Blood on the Potomac

location Shot from the film Gods and Generals - Photo by: Terry Tabb

On July 4th, 1861, Frederick Roeder, an anti-secessionist and a supporter of Mr. Lincoln’s cause, ventured out onto the banks of the Potomac with the hope of catching sight of the Stars and Stripes flying over the Maryland side of the river. Ironically, a single discharge from the gun of a Union soldier would make this German born immigrant the first citizen of Harpers Ferry to fall during the conflict. Soon after, his home and business holdings, including the White Hall Tavern, would be confiscated and utilized by Northern forces.

Bar at the White Hall Tavern in Harpers Ferry

Interior of White Hall tavern in Harpers FerryFourteen months later, rebel soldiers under the command of Thomas “Stonewall” Jackson would be shouting their own victory toasts at the little pub on Potomac Street after the successful capture of the town.  That revelry though would soon be tempered  by the events of September 17th, 1862. On that savage summer’s day, Robert E. Lee’s Army of Northern Virginia would clash with the forces of General George B. McClellan on Maryland ground near Antietam Creek. That single day of fighting would prove to be the bloodiest day in American history, with both sides suffering staggering losses.

As we take this time to remember and pay tribute to those who fought and perished on behalf of both the North and South at the Battle of Antietam, we invite our readers to once again experience the moving words of the late Jack Hardy as he chronicles the Civil War through the eyes of the young men from a Pennsylvania regiment.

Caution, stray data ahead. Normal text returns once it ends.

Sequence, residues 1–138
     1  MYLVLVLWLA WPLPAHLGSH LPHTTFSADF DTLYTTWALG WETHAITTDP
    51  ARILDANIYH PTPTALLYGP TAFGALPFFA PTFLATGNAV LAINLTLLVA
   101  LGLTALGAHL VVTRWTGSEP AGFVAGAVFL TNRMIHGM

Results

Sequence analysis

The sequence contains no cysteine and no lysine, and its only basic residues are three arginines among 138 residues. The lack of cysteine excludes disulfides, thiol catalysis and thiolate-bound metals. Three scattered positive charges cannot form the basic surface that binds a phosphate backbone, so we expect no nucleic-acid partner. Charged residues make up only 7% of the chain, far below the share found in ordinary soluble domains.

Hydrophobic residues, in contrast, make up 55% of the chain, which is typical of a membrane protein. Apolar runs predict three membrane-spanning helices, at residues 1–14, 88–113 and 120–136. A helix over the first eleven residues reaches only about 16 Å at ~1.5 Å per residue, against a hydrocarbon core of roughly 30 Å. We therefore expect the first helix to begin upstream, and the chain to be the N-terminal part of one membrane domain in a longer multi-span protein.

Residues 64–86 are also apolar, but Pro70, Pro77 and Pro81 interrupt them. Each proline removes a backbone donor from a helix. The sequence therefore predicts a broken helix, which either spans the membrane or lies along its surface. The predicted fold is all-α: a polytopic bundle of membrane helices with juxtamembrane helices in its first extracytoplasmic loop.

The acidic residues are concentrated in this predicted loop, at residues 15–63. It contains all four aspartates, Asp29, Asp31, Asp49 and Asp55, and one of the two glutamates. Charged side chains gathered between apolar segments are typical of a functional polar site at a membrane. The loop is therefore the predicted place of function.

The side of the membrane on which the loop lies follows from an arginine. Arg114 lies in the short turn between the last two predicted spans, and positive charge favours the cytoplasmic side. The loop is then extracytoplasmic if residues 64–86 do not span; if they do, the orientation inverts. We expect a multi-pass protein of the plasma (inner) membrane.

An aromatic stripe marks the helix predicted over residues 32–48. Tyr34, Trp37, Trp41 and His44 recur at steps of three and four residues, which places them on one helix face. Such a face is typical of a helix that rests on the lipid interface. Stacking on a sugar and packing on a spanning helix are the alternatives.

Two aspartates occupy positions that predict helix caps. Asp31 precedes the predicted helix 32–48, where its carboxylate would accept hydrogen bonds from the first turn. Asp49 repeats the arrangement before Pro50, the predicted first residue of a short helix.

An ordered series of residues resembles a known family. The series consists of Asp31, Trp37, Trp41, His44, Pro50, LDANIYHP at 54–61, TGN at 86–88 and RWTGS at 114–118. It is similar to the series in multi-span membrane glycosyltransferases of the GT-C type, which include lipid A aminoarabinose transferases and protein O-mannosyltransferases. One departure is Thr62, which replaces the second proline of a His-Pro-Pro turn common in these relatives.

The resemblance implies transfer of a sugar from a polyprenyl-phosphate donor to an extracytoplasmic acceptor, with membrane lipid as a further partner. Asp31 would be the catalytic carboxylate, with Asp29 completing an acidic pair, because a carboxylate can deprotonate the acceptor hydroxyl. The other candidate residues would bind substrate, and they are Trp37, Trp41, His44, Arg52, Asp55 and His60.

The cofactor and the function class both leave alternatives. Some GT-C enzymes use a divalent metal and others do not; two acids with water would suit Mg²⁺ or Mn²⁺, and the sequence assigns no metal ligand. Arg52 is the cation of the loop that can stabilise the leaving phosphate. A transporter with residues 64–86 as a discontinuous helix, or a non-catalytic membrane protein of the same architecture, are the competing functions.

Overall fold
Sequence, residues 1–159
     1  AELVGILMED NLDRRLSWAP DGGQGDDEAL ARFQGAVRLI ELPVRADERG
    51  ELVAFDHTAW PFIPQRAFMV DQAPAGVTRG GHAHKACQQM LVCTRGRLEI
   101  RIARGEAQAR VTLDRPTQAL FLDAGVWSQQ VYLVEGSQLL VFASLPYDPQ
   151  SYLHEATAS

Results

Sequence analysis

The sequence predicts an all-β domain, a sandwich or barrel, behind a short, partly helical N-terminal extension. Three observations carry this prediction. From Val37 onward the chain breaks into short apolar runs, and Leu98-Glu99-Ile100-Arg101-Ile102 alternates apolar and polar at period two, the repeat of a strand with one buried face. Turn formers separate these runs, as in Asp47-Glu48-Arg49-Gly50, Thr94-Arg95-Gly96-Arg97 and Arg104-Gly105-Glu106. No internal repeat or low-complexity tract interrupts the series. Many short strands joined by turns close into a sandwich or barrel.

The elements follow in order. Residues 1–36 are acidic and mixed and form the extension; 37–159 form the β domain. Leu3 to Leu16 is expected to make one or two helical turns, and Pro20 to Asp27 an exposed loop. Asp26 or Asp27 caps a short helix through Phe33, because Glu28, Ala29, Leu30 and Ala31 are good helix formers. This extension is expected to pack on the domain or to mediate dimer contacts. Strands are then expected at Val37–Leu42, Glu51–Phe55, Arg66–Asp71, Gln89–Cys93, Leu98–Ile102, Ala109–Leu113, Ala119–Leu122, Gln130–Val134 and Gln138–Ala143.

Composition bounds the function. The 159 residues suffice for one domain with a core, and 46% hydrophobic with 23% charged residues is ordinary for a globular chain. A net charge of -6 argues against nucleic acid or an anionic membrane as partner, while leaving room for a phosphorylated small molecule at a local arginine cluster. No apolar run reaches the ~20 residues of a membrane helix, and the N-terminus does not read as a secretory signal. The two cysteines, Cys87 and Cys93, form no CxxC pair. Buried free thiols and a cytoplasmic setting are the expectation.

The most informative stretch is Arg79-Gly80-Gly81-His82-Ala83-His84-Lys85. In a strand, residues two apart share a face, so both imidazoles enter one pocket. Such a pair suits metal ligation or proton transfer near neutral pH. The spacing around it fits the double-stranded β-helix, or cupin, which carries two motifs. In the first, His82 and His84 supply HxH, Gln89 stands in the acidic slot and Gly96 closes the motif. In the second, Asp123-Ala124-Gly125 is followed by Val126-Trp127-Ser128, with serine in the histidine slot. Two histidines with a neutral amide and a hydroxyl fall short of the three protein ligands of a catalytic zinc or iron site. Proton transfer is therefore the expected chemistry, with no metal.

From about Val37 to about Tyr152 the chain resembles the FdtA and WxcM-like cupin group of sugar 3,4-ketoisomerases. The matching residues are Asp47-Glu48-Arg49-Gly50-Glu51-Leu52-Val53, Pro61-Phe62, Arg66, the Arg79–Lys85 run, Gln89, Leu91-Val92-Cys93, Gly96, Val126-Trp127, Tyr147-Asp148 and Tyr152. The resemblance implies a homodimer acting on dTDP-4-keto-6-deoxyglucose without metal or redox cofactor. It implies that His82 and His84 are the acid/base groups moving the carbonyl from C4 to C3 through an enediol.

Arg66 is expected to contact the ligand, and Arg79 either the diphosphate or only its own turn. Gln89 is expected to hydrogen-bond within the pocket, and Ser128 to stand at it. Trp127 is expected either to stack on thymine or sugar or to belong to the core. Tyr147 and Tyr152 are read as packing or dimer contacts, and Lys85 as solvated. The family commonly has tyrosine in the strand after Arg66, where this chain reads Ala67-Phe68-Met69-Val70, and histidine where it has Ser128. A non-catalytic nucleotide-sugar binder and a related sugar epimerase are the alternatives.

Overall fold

Click here to listen to  The 111th Pennsylvane.

Posted by: Chris Poh


Another Sad Farewell

Jack Hardy

 As the authors of American Public House Review take a few days to share some personal observations about the Civil War, it is only fitting that we also take the time to honor the memory of singer/songwriter Jack Hardy who passed away on March 11th of this year. Jack was a good friend who always generously gave of his time and boundless talent. We were privileged to have had the opportunity to  include some his work in our online publication. Especially, The 111th Pennsylvane, which, as I stated in an earlier post, is certainly one of the very best historical ballads ever written!

When Jack wasn’t mentoring some struggling folk artist at his apartment in Greenwich Village, there was a very good possibility he might be raising a pint at some pub in Ireland, or enjoying a glass of homemade wine at his second home in the Catskill  region of upstate New York. Interestingly, not far from this location another celebrated musician had crafted a hauntingly beautiful tune that would become forever associated with the war between the North and South.

Jay Ungar In 1982, Jay Ungar composed  “Ashokan Farewell,” a waltz melody that would later be used as the  theme for the 1990 Ken Burns PBS documentary, The Civil War. The piece is played 25 times during the eleven hours of film, and is used most notably during the reading of  Sullivan Ballou’s letter to his wife in episode one.